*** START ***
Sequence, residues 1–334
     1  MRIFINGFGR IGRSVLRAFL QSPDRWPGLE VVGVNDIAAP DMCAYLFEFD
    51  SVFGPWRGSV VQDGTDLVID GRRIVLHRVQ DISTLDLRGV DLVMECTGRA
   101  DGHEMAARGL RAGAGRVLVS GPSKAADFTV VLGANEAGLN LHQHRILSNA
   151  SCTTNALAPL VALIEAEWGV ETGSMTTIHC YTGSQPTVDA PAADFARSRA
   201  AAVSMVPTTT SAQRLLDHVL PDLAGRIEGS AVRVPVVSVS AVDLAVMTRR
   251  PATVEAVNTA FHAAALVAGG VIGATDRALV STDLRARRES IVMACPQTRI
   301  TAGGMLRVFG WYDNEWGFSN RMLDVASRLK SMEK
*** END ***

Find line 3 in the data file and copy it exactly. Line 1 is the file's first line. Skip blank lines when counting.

    51  SVFGPWRGSV VQDGTDLVID GRRIVLHRVQ DISTLDLRGV DLVMECTGRA